I have a 2002 Toyota Highlander V6 4wd with 165,000 miles. And right now I am burning a lot of oil. About 1 quart per 300-500 miles (under normal use). Going on long trips burns an excessive amount of oil, I can burn through two to three quarts on a 400-600 mile road trip. I have not noticed any oil leaking out under the car.

I've replaced brakes, rotors, the muffler, flex pipe, and 2 frozen catalytic converters over the years, but I haven't had to mess with the engine much besides paying for a tune-up where all the spark plugs were replaced and a new Oxygen sensor was installed.

I'm trying to figure out if this is something I can take a crack at or if I'll have to take it to a shop.

  • You say its "burning oil" ... do you see voluminous amounts of smoke coming out the back end of the vehicle? Do you see a suet in and around the tail pipe (even up on the body)? If not, I'd suggest you aren't burning oil as the amount you are talking about would have all kinds of traces out the tail pipe (would not pass emissions in states which have testing). If you look at the engine, do you see greasy gunk on it? Do you see it under the car on other car parts (K-member, steering components, etc)? Dec 1, 2015 at 0:36
  • +1, make sure it actually burns. Typically burning a lot of oil produces bluish smoke. Sometimes gray/white, but it's still noticeably abnormal. Dec 2, 2015 at 7:40
  • You can do a compression test or cylinder leakdown test to see if you are losing compression in the engine. These tests can greatly narrow down where the oil leak is. Dec 2, 2015 at 17:43

6 Answers 6


Whether or not you can do it yourself depends on what the cause of the problem is. If I take into account the fact that you say you can't find any oil leaks and that the oil is being burned off, the most likely problem is that you have broken piston rings and/or ringlands. This will allow oil to seep into the combustion chamber from the crank case. It will then be burned along with the air/fuel mixture.

If that's the case, it would require the engine being taken out and stripped to get at the pistons. It's not something you'd want to do yourself if you can help it.

Something you can do yourself to verify whether or not oil is being burned off is to inspect the condition of the catalytic converter. Though being a 13 year old car, the catalytic converter would be pretty black and sooty even in a car that does not burn oil.


This sounds like your head gasket might be blown. The amount of oil being consumed is remarkably high. There are far older cars that consume less, so I doubt it's the piston rings, unless there has been some trauma to damage them.

It seems like the oil is being burned, since you aren't finding any, but check your exhaust. The amount of oil being burned might cause a bluish tinge to your exhaust. It would also cause a distinctive oily smell (think weed whacker exhaust). Both would indicate the oil is being burned off in the engine.

Also check your coolant though, since it's possible for oil to enter the coolant system if seals (such as a head gasket) are broken. This would likely go two ways. I doubt this is likely, since eventually the coolant system would flood with oil if this were the case. Either way, if you see oil in your coolant, there's likely a problem with the internal seals, and could be a sign of a larger problem.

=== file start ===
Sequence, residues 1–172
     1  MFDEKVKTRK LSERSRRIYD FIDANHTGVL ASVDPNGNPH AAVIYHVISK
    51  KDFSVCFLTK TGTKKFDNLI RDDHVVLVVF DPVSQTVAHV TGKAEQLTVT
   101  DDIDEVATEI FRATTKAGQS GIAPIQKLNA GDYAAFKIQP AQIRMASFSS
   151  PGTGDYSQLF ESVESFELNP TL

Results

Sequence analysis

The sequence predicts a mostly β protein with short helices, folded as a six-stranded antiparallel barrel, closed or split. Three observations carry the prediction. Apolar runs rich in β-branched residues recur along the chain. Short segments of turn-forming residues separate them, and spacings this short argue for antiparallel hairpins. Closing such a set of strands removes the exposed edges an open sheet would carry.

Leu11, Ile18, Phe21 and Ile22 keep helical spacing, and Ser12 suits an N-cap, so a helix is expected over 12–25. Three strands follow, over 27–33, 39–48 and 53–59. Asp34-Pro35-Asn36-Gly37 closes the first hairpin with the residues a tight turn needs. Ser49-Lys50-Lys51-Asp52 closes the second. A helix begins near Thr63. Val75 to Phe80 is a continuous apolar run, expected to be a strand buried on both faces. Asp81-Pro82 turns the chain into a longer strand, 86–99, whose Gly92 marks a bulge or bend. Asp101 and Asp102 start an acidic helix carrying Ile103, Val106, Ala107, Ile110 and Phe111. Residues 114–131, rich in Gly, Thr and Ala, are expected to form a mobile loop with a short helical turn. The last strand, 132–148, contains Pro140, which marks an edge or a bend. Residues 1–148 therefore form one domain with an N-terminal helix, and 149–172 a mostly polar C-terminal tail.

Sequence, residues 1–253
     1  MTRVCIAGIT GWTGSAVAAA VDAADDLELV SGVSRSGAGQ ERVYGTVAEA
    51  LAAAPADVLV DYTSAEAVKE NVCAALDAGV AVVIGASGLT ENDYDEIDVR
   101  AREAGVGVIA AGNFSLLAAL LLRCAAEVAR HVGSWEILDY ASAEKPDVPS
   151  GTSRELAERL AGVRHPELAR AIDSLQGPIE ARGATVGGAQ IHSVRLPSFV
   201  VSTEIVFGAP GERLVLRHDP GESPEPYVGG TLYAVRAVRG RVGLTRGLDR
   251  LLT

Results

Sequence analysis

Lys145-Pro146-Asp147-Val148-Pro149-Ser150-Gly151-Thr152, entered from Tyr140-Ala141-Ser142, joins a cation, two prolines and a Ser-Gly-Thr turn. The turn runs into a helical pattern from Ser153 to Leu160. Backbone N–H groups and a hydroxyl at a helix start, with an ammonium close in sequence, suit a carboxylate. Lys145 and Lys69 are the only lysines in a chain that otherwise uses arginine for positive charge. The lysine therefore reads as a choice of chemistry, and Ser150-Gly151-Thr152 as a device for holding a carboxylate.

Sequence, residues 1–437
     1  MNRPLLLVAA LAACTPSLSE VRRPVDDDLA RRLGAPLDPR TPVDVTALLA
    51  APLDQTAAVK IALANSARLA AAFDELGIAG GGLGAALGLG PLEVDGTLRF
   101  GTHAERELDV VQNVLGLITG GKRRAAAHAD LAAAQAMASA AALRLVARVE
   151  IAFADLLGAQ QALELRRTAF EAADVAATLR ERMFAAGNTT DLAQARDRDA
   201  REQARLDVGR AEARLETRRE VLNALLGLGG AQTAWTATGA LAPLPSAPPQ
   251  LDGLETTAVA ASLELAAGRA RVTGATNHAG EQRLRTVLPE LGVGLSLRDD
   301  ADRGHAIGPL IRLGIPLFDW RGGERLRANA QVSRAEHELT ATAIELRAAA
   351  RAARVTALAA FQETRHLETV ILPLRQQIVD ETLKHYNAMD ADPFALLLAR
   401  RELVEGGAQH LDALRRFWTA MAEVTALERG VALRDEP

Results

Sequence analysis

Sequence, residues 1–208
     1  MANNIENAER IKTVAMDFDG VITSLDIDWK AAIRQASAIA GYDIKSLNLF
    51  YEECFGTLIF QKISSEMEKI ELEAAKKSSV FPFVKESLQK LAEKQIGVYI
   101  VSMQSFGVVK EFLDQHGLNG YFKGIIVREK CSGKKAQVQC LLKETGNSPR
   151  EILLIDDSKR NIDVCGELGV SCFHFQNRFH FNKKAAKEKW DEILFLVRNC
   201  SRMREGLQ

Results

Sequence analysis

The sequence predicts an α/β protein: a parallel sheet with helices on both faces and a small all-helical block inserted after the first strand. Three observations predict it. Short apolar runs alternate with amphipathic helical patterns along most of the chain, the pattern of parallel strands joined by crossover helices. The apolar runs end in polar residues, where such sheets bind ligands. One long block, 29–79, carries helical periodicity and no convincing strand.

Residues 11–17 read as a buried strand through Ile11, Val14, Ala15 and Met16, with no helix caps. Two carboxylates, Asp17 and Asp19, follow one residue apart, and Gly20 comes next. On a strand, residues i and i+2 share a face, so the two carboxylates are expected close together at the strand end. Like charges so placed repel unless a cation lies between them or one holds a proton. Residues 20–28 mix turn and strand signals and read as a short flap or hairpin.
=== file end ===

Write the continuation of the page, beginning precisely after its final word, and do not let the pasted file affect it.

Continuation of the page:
Nobody has mentioned advice specific to this car. Certain Toyotas manufactured in the early 2000s had a problem with piston rings, which caused excessive oil consumption. Chances are your problem is the same. So, the engine probably needs to be taken apart to remedy this issue. Whether it makes sense for such an old car is a good question. For such an old car, there is little chance of getting it paid by the warranty. I would just continue pouring oil to the engine while at the same time making a decision which car to purchase next. Newer Toyotas do not have this oil burning issue, so I wouldn't use this as a reason to choose another brand of car.


This is kind of a long shot, but I have seen it (on old Chevy 6's), and it's a lot easier than a ring job.

There are drains in the heads, to allow oil to return to the base. These drains can plug with sludge. This can 'flood' the top of the head, leading to leakage through the not-so-great valve cover gasket or down the not-so-tight-anymore valve seals.

To check, just remove the valve cover and assess. If there's a lot of sludge, you could try scooping it out.


I inherited my Dads 2002 highlander with 3.0 v6, It was using about a litre of oil every 500k, the odometer had 260000k on it, after a bit of research someone mentioned the use of Seafoam oil additive. I thought what can it hurt?? I added the recommended amount to the oil and continued driving it adding oil as needed. Well the consumption decreased so I then changed the oil to a 15w40. I have since clocked over 6000k, 3500k of that towing a small holiday trailer to the west coast through the mountains and back. I check the dipstick today... down maybe 1/2 a litre. I believe the issue was gummed up piston rings and the Seafoam additive managed to loosen them up. So to sum up, $12 can of the additive fixed this car.


All of first cheked its compression reading. If its abnormal . Get engine overhauled.

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